LIFESPAN. Unusual science fiction thriller

The film’s ambivalent tone is one of its greatest strengths.

Maciej Kaczmarski

9 July 2024


“Lifespan” is one of the many films in Klaus Kinski‘s extensive body of work – and at the same time, a completely unique film in his career.

American scientist Dr. Ben Land arrives in Amsterdam to collaborate with Dr. Linden – a world-renowned geneticist and expert in gerontology. Linden claims that his years of research on halting or even reversing the aging process are close to a breakthrough. Shortly after a scientific symposium, Linden unexpectedly commits suicide. Land initiates a private investigation into not only the deceased’s scientific experiments but also his complicated personal life. It emerges that Linden, experimenting on mice, indeed developed a method to reverse aging and maintain eternal youth, but complications arose when elderly people inadvertently became the subjects of his research. Continuing his investigation, Land also forms a relationship with Anna – Linden’s lover, who collaborates with Nicholas Ulrich, an enigmatic Swiss pharmacist.


Alexander “Sandy” Whitelaw’s (1930–2015) film career began with a chance meeting with producer David O. Selznick, who hired the young Englishman as his assistant during the filming of Charles Vidor’s “A Farewell to Arms” (1957). Whitelaw later worked for the Hecht-Lancaster production company and the European branch of United Artists, co-producing, among others, John Huston’s “The Night of the Iguana” (1964), Pier Paolo Pasolini’s “The Decameron” (1971), Federico Fellini’s “Roma” (1972), and Bernardo Bertolucci’s “Last Tango in Paris” (1972). Believing in Whitelaw’s potential as a filmmaker, American producer Ray Stark financed his directorial debut “Lifespan.” The film was a financial failure and dashed Whitelaw’s chances of a directing career – his second and last film, “Vicious Circles,” was made 20 years later in 1997. However, Whitelaw remained in the film industry, creating English subtitles for over a thousand foreign films.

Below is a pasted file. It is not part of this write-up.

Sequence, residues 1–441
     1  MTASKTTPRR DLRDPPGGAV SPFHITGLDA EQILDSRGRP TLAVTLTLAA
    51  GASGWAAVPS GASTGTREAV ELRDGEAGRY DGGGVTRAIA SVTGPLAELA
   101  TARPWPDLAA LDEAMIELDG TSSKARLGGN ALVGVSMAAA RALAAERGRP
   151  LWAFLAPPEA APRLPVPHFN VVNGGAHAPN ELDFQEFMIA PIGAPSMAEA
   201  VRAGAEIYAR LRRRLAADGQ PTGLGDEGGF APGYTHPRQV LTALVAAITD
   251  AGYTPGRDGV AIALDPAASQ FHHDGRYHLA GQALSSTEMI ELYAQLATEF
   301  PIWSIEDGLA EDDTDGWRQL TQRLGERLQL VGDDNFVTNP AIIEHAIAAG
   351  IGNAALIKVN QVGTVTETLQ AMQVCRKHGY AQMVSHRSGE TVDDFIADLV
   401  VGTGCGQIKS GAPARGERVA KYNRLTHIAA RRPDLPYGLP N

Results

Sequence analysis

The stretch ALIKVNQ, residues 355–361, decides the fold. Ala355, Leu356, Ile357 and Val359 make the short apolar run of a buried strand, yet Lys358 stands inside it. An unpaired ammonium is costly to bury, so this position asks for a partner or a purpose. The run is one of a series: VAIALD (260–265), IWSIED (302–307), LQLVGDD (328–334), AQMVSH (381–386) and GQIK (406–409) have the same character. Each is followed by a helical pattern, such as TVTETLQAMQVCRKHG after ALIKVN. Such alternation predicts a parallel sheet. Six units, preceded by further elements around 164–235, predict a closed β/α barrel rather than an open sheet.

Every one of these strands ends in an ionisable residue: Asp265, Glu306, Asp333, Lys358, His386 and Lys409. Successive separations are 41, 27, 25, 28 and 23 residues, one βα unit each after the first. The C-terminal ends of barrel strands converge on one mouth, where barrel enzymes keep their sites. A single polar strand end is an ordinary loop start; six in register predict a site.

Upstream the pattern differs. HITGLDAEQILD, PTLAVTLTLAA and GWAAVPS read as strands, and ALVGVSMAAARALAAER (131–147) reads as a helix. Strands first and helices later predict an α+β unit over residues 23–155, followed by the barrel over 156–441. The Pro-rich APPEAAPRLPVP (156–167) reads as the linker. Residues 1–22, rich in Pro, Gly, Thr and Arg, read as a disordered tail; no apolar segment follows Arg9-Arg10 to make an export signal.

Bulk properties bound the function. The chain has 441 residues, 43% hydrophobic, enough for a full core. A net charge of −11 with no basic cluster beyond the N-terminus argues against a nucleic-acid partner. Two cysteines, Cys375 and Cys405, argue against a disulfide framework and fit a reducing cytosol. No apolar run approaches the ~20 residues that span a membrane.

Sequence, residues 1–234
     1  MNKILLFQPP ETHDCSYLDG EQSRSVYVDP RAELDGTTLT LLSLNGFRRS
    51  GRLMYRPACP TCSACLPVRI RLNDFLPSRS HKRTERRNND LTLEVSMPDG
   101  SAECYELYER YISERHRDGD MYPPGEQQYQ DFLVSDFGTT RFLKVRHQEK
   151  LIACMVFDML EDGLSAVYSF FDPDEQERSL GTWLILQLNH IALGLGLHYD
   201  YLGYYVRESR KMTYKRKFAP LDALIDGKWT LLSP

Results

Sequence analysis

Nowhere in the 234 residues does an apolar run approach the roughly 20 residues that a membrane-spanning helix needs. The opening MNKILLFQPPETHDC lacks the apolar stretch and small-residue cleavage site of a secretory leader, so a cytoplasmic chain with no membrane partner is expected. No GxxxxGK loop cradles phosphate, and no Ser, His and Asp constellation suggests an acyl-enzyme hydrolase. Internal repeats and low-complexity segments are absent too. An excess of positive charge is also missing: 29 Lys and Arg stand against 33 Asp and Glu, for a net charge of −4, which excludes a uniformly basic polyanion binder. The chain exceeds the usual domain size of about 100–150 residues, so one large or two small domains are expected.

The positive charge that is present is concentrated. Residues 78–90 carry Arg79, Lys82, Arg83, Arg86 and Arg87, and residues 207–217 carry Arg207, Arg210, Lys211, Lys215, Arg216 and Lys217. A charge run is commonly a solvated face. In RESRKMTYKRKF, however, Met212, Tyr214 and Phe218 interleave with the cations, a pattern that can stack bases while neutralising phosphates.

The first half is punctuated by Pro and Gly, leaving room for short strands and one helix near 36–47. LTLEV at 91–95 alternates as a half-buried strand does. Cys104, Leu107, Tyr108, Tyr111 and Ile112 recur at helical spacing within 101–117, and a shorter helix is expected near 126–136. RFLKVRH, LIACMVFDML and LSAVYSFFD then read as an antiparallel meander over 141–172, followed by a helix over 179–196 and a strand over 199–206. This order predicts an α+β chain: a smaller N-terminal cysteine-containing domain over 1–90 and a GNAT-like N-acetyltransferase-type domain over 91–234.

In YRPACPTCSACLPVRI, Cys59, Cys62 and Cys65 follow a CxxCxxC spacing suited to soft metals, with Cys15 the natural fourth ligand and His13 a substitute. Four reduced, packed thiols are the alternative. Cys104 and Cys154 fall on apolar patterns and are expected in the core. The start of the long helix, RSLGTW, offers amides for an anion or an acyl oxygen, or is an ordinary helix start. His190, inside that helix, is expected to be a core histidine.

It’s not hard to guess the reasons for the commercial failure of “Lifespan.” It’s a highly unconventional film: a science fiction thriller without the thrills, which poses many questions but offers few answers. The moody atmosphere of mystery and ambiguity seems more important than tying up all the loose plot threads, a feeling intensified by the ambiguous ending. The narrative puzzle remains incomplete, leaving the viewer with several missing pieces to interpret on their own. It’s no surprise that Roman Polanski himself spoke favorably about “Lifespan”; there is a certain similarity between “Lifespan” and Polanski’s “The Tenant” (1976) – in both films, the protagonists are people living in a foreign country and occupying the apartment of a suicide victim. It is worth noting that Polanski’s film is an adaptation of Roland Topor’s 1964 novel “The Tenant,” which Whitelaw was not familiar with, so the similarities are likely coincidental.


The film’s ambivalent tone is one of its greatest strengths, as are Eduard van der Enden’s cinematography in Amsterdam (a refreshing change from the overdone European capitals like London, Paris, Rome, and Berlin) and the music by minimalism maestro Terry Riley. However, the film’s carefully constructed aura of mystery is undermined by an annoying off-screen narration that precisely describes the on-screen events, thus violating the “show, don’t tell” principle. To make matters worse, the narrator, played by lead actor Hiram Keller, is wooden and stiff (Tina Aumont is equally poor as Anna). The sole acting highlight of “Lifespan” is Klaus Kinski as Dr. Ulrich – a villain who is very human in his desire to achieve immortality. Though the undersigned is not a fan of remakes, in the right hands (Panos Cosmatos!), a new version of “Lifespan” could become a fascinating film about the ethical boundaries of science.

[1] See T. Howarth, Real Depravities: The Films of Klaus Kinski, McHenry 2016, p. 335.